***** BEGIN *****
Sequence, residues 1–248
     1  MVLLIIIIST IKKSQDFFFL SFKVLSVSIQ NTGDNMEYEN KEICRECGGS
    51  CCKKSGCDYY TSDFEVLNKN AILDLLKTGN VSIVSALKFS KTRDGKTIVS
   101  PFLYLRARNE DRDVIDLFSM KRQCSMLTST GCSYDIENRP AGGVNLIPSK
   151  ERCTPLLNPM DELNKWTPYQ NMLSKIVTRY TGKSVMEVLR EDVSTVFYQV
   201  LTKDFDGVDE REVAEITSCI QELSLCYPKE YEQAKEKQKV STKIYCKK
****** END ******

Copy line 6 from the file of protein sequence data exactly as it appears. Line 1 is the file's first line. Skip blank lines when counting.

   201  LTKDFDGVDE REVAEITSCI QELSLCYPKE YEQAKEKQKV STKIYCKK